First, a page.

Oklahoma Ag in the Classroom

Ag in Poetry

Fall

October, by Robert Frost / To Autumn, by John Keats

October

by Robert Frost

O hushed October morning mild,
Thy leaves have ripened to the fall;
To-morrow's wind, if it be wild,
Should waste them all.

The crows above the forest call;
To-morrow they may form and go.
O hushed October morning mild,
Begin the hours of this day slow,
Make the day seem to us less brief.

Hearts not averse to being beguiled,
Beguile us in the way you know;
Release one leaf at break of day;
At noon release another leaf;
One from our trees, one far away;
Retard the sun with gentle mist;
Enchant the land with amethyst.

Slow, slow!
For the grapes' sake, if they were all,
Whose leaves already are burnt with frost,
Whose clustered fruit must else be lost -
For the grapes' sake along the wall.

Discussion Questions:

  1. Describe the meter of this poem.
  2. Rewrite the first stanza as prose.
  3. How do the crows "form and go."
  4. Why does the writer want the tree to release one leaf at break of day and one at noon?
  5. What is the poet trying to slow down? Why is the slowing "for the grapes' sake?"
  6. Draw a picture to illustrate the third stanza.
  7. Vocabulary words: averse, beguile, retard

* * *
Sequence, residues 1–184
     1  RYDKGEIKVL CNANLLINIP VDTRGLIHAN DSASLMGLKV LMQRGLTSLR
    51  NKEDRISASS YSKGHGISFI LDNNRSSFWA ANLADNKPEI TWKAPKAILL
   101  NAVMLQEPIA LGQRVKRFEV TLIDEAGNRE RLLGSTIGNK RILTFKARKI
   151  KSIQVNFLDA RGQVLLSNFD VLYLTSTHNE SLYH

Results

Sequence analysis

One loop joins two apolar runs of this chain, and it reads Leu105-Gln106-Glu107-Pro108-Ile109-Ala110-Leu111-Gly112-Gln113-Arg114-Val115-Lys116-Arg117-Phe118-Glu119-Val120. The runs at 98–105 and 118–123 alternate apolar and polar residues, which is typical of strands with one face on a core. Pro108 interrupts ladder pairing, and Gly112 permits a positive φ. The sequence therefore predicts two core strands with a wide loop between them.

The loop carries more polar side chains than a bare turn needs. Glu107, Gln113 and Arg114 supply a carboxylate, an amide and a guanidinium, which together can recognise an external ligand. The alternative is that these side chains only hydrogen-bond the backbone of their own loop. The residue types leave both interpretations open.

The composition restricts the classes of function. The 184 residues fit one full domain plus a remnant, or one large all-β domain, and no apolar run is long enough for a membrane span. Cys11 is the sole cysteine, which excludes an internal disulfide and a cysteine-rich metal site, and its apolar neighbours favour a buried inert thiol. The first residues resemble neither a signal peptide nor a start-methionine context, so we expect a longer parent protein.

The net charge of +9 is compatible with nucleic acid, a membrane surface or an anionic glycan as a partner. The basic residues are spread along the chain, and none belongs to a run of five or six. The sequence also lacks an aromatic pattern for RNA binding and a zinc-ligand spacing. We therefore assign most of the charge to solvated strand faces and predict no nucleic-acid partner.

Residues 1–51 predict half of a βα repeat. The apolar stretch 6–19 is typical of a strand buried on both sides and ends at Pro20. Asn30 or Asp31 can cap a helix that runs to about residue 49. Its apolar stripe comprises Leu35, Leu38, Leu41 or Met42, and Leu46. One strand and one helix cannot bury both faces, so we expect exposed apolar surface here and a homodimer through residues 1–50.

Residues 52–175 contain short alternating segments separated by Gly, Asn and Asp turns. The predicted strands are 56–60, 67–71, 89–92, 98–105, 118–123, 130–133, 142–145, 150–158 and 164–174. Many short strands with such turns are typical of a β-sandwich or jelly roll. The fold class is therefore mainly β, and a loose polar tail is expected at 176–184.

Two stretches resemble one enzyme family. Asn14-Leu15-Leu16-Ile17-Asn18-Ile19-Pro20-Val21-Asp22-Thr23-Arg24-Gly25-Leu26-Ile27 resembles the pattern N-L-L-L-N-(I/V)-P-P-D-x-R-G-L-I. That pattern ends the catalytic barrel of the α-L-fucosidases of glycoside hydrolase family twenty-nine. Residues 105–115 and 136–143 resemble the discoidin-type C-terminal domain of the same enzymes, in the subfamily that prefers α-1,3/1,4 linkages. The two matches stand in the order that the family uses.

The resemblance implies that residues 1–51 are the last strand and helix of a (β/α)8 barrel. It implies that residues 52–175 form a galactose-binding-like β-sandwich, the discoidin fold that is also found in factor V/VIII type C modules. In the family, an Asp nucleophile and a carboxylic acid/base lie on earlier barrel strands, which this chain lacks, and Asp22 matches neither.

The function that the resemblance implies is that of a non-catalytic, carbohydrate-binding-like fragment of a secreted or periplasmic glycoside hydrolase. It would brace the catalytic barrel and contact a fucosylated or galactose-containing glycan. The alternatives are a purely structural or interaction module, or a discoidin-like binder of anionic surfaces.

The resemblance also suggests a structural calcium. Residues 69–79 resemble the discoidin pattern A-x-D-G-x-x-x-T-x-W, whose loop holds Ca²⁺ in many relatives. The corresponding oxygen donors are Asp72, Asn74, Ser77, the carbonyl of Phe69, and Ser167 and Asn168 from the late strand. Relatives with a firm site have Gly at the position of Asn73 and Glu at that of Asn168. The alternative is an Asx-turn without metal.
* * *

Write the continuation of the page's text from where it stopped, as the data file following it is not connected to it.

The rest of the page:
To Autumn

by John Keats

Season of mists and mellow fruitfulness,
Close bosom-friend of the maturing sun;
Conspiring with him how to load and bless
With fruit the vines that round the thatch-eves run;
To bend with apples the moss'd cottage-trees,
And fill all fruit with ripeness to the core;
To swell the gourd, and plump the hazel shells
With a sweet kernel; to set budding more,
And still more, later flowers for the bees,
Until they think warm days will never cease,
For summer has o'er-brimm'd their clammy cells.

Who hath not seen thee oft amid thy store?
Sometimes whoever seeks abroad may find
Thee sitting careless on a granary floor,
Thy hair soft-lifted by the winnowing wind;
Or on a half-reap'd furrow sound asleep,
Drows'd with the fume of poppies, while thy hook
Spares the next swath and all its twined flowers:
And sometimes like a gleaner thou dost keep
Steady thy laden head across a brook;
Or by a cyder-press, with patient look,
Thou watchest the last oozings hours by hours.

Where are the songs of spring? Ay, where are they?
Think not of them, thou hast thy music too,—
While barred clouds bloom the soft-dying day,
And touch the stubble-plains with rosy hue;
Then in a wailful choir the small gnats mourn
Among the river sallows, borne aloft
Or sinking as the light wind lives or dies;
And full-grown lambs loud bleat from hilly bourn;
Hedge-crickets sing; and now with treble soft
The red-breast whistles from a garden-croft;
And gathering swallows twitter in the skies.

 

Oklahoma Ag in the Classroom

Oklahoma Ag in the Classroom is a program of the Oklahoma Cooperative Extension Service, the Oklahoma Department of Agriculture, Food and Forestry and the Oklahoma State Department of Education.